Bibliography

  • Boas, Franz. (1911). Handbook of American Indian languages (Vol. 1). Bureau of American Ethnology, Bulletin 40. Washington: Government Print Office (Smithsonian Institution, Bureau of American Ethnology).
  • Boas, Franz. (1922). Handbook of American Indian languages (Vol. 2). Bureau of American Ethnology, Bulletin 40. Washington: Government Print Office (Smithsonian Institution, Bureau of American Ethnology).
  • Boas, Franz. (1933). Handbook of American Indian languages (Vol. 3). Native American legal materials collection, title 1227. Glückstadt: J.J. Augustin.
  • Campbell, Lyle. (1997). American Indian languages: The historical linguistics of Native America. New York: Oxford University Press. ISBN 0-19-509427-1.
  • Campbell, Lyle; & Mithun, Marianne (Eds.). (1979). The languages of native America: Historical and comparative assessment. Austin: University of Texas Press.
  • Goddard, Ives (Ed.). (1996). Languages. Handbook of North American Indians (W. C. Sturtevant, General Ed.) (Vol. 17). Washington, D. C.: Smithsonian Institution. ISBN 0-16-048774-9.
  • Goddard, Ives. (1999). Native languages and language families of North America (rev. and enlarged ed. with additions and corrections). [Map]. Lincoln, NE: University of Nebraska Press (Smithsonian Institute). (Updated version of the map in Goddard 1996). ISBN 0-8032-9271-6.
  • Gordon, Raymond G., Jr. (Ed.). (2005). Ethnologue: Languages of the world (15th ed.). Dallas, TX: SIL International. ISBN 1-55671-159-X. (Online version: http://www.ethnologue.com).
  • Greenberg, Joseph H. (1966). The Languages of Africa (2nd ed.). Bloomington: Indiana University.
  • Harrison, K. David. (2007) When Languages Die: The Extinction of the World's Languages and the Erosion of Human Knowledge. New York and London: Oxford University Press.
  • Mithun, Marianne. (1999). The languages of Native North America. Cambridge: Cambridge University Press. ISBN 0-521-23228-7 (hbk); ISBN 0-521-29875-X.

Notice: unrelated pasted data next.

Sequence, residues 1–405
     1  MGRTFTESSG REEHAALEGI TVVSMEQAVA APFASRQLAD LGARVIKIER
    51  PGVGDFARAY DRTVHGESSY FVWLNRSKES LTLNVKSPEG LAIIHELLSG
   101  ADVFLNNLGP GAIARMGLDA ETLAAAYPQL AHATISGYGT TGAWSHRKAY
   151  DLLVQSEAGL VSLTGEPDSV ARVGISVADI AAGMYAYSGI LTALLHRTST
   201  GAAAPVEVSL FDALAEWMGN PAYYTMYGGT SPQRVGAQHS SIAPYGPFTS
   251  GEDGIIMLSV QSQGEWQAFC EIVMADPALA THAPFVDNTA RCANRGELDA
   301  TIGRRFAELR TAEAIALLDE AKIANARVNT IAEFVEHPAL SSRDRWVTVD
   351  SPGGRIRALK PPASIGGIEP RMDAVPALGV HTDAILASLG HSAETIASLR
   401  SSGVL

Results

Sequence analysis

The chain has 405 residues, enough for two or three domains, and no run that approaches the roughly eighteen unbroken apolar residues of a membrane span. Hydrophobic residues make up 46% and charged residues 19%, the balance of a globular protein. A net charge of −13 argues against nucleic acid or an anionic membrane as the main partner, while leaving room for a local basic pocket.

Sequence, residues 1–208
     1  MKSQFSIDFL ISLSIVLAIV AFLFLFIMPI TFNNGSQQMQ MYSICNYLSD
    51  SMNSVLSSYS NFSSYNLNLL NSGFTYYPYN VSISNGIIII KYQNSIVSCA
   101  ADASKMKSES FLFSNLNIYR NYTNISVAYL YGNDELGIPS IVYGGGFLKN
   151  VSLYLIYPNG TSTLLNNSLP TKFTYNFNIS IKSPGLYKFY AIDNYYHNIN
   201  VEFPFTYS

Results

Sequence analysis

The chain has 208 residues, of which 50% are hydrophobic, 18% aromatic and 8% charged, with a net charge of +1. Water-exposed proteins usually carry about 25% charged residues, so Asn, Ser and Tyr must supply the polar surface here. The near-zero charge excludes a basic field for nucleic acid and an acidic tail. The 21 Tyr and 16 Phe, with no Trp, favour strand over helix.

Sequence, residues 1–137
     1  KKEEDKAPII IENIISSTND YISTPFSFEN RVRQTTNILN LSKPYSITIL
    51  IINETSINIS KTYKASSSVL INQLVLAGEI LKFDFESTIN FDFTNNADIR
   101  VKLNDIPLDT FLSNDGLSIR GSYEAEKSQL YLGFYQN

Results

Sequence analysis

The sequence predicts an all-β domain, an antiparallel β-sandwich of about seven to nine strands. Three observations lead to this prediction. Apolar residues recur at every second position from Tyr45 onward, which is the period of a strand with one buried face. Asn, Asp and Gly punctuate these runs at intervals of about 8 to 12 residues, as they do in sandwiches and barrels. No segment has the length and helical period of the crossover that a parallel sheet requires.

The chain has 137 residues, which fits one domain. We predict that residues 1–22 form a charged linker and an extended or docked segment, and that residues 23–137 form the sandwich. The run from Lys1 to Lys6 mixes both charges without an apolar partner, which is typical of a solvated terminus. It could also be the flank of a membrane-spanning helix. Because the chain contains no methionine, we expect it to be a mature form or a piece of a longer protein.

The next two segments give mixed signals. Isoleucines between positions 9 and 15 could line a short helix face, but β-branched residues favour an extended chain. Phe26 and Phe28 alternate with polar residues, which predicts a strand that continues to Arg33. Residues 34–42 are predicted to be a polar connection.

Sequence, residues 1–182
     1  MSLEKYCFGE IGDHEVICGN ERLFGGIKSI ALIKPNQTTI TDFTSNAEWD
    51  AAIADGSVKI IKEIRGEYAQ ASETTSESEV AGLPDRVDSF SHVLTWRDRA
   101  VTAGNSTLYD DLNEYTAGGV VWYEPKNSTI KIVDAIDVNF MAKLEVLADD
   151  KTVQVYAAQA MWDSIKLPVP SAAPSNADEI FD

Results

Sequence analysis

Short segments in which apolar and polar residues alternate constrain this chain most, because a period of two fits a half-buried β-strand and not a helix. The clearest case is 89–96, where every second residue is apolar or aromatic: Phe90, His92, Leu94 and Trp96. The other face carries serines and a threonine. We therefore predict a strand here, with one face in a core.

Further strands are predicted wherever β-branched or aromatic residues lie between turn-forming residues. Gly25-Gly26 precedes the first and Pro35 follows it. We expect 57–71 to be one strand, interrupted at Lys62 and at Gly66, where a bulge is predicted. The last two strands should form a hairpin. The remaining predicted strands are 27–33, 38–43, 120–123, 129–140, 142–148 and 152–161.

• Ross, Malcom. (2005). Pronouns as a preliminary diagnostic for grouping Papuan languages. In: Andrew Pawley, Robert Attenborough, Robin Hide and Jack Golson, eds, Papuan pasts: cultural, linguistic and biological histories of Papuan-speaking peoples (PDF)
  • Ruhlen, Merritt. (1987). A guide to the world's languages. Stanford: Stanford University Press.
  • Sturtevant, William C. (Ed.). (1978-present). Handbook of North American Indians (Vol. 1-20). Washington, D. C.: Smithsonian Institution. (Vols. 1-3, 16, 18-20 not yet published).
  • Voegelin, C. F.; & Voegelin, F. M. (1977). Classification and index of the world's languages. New York: Elsevier.

Andrew Pawley is Head of the Department of Linguistics at the Australia National University, Australia. ...

External links


  Results from FactBites:
 
The Individualist: Dravidian language family (0 words)
The Dravidian family of languages includes approximately 26 languages that are mainly spoken in southern India and Sri Lanka, as well as certain areas in Pakistan, Nepal, Bangladesh, and eastern and central India, as well as in parts of Afghanistan and Iran.
The existence of the Dravidian language family was first suggested in 1816 by Alexander D. Campbell in his Grammar of the Teloogoo Language, in which he and Francis W. Ellis argued that Tamil and Telugu were descended from a common, non-Indo-European ancestor.
A grammar of the Teloogoo language, commonly termed the Gentoo, peculiar to the Hindoos inhabiting the northeastern provinces of the Indian peninsula / by A.D. Campbell.
Language - MSN Encarta (1293 words)
In northern Asia there are a number of languages that appear either to form small, independent families or to be language isolates, such as the Chukotko-Kamchatkan language family of the Chukchi and Kamchatka peninsulas in the far east of Russia.
The family stretches from the eastern edge of Siberia to the Aleutian Islands, and across Alaska and northern Canada to Greenland, where one variety of the Inuit language, Greenlandic, is an official language.
Languages of the Algonquian and Iroquoian families constitute the major indigenous languages of northeastern North America, while the Siouan family is one of the main families of central North America.
  More results at FactBites »